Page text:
This roundtable, in association with the Faraday Institute for Science and Religion, considers the impact of recent technological advances in Artificial Intelligence (AI) and robotics on religion, religious conceptions of the world, and the human. It draws attention to how such advances push religion beyond how it has been commonly defined and considered.
Bahler discusses the notion of ritual as a locus of power in terms of structure and agency. His recent book, Childlike Peace in Levinas and Merleau-Ponty. Intersubjectivity as a Dialectical Spiral (Lexington Books, forthcoming) focuses on neuroscience to grasp the topic power relations at the confluence of religion and other social influences on one’s trajectories.
Recorded at the 2015 North American Association for the Study of Religion (NAASR) conference, Robert McCauley discusses methodological and theoretical issues within the cognitive sciences of religion. “Science surprises us!” – McCauley
PhD candidate Hans Van Eyghen reporting for The Religious Studies Project:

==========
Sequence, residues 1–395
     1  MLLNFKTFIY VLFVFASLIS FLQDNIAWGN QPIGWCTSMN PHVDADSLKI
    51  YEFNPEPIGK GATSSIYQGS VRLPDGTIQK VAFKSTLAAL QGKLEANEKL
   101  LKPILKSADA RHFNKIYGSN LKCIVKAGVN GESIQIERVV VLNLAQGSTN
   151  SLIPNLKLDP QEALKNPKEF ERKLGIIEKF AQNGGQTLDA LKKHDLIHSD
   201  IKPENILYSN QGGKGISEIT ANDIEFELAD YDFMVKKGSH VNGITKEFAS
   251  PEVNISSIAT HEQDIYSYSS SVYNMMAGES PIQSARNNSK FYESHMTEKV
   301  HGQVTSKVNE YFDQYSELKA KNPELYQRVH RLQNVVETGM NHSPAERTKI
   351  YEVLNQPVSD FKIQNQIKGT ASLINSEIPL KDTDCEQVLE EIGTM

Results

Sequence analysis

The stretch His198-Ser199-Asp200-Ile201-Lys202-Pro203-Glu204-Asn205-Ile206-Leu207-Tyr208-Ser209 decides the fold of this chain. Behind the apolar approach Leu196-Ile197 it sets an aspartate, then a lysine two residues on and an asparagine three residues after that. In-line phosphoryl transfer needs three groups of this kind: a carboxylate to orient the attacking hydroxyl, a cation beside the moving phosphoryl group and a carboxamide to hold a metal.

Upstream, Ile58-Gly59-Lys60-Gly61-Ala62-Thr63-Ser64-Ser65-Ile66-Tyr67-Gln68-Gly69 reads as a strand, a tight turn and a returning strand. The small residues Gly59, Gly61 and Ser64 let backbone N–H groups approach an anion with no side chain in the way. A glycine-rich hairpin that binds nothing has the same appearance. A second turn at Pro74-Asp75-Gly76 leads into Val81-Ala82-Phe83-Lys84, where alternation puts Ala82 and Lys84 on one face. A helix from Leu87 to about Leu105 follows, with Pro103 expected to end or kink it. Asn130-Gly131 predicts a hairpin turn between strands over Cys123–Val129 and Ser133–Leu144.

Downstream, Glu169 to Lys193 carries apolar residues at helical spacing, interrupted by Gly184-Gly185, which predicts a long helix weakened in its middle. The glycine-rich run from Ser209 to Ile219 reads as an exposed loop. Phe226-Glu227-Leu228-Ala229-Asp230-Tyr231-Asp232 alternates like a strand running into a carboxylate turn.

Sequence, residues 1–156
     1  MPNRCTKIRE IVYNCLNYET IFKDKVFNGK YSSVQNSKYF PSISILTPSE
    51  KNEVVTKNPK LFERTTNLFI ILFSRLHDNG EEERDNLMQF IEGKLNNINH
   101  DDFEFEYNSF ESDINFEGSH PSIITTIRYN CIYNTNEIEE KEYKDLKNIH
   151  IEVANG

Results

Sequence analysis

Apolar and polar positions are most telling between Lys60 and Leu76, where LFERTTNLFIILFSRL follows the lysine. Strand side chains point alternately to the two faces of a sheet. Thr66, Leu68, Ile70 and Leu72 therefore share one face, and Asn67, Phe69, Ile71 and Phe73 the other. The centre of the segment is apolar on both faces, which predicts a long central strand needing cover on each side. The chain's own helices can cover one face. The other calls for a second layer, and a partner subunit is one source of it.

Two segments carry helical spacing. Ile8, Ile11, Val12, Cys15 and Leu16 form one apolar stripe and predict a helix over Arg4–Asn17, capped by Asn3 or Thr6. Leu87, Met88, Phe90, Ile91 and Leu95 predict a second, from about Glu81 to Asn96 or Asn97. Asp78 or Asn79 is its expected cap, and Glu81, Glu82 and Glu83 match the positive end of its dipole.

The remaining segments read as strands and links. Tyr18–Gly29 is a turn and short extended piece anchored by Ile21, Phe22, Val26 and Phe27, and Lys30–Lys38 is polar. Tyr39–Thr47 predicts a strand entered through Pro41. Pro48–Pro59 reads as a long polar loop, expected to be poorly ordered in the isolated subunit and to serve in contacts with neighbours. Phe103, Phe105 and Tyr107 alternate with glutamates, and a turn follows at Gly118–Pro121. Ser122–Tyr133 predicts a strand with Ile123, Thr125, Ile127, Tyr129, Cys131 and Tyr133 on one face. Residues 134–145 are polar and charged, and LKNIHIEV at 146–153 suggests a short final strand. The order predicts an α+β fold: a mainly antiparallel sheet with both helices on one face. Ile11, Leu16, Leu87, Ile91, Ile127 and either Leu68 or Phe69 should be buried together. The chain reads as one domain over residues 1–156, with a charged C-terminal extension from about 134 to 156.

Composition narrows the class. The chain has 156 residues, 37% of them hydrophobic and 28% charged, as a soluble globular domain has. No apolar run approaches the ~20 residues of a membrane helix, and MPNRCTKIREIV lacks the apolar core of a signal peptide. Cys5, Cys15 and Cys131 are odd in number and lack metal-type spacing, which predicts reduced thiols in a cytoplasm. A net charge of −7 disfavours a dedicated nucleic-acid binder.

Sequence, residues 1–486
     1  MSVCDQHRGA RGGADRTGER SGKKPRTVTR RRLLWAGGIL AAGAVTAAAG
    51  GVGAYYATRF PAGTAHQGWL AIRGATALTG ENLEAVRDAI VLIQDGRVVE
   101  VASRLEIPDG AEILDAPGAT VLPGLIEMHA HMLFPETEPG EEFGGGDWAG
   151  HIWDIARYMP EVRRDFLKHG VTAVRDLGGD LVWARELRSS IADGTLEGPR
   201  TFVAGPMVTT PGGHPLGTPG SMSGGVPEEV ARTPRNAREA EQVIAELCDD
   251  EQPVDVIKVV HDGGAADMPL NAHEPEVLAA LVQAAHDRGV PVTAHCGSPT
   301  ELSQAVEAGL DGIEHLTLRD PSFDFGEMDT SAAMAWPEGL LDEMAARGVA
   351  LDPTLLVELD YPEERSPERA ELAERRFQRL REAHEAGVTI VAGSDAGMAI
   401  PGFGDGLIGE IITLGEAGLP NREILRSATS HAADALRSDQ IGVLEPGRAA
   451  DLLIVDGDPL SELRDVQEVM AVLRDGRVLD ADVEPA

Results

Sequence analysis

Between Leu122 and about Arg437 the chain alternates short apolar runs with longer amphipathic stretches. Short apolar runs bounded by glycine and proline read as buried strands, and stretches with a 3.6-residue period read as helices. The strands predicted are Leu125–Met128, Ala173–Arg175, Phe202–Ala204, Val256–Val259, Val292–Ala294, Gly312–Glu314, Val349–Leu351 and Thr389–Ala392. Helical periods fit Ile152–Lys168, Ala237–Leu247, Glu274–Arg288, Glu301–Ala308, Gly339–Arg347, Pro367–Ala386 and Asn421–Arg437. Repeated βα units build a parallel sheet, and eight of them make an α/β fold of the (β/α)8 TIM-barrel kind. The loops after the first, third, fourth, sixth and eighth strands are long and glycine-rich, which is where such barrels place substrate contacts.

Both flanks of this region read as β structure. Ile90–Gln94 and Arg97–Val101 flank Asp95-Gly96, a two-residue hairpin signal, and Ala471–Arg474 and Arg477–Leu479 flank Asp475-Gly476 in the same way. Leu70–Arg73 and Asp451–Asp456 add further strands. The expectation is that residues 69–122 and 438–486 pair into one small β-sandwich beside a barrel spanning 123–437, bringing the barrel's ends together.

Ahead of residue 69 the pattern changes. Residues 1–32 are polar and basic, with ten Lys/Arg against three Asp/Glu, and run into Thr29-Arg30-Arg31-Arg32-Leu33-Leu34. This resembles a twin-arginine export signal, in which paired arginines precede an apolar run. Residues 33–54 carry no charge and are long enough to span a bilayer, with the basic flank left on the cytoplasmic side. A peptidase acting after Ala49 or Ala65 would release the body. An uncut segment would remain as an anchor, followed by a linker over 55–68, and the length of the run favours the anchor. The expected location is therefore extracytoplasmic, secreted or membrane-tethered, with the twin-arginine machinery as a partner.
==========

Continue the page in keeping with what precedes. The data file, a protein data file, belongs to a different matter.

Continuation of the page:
The question ‘What is religious belief?’ has a long history and with no definitive answer to date. The aim of this one day workshop was to shed new light on the question by combining three perspectives on the matter: cognitive
Making their own contributions to the discourse, Shook and Zuckerman briefly discuss the forthcoming Oxford Handbook of Secularism they are co-editing, the growing field of secular studies, what it might mean to ’be secular‘, different secularisms, and offer up two different views of the relationship between categories such as ’religion‘ and ’secular‘.
Discussion focuses upon the history of the ‘postsecular’, potential definitions, disciplinary and geographical differences, and ultimately suggests that ‘postsecularity’ is effectively dressing up ‘secularity’ in obfuscating clothing.
Habermas mostly ignored religion, contending that it was not rational enough to be included in public debate. But over the past decade, he has begun to reexamine religion in light of its persistence in the modern world, calling this a turn toward post-secular society. He argues that religion deserves a place in public debate, but that religious people need to translate their views into rational, secular language if they want to participate in the public sphere.
Educating Wellbeing: The Contributions of Philosophy and Religion
10 February 2012, University of Liverpool
Featuring Beverley Clack, John Atherton and Chris Baker among others
An afternoon workshop devoted to critical pedagogy, the well-being agenda and the contributions the disciplines of philosophy and religious studies can make to these issues. We will be exploring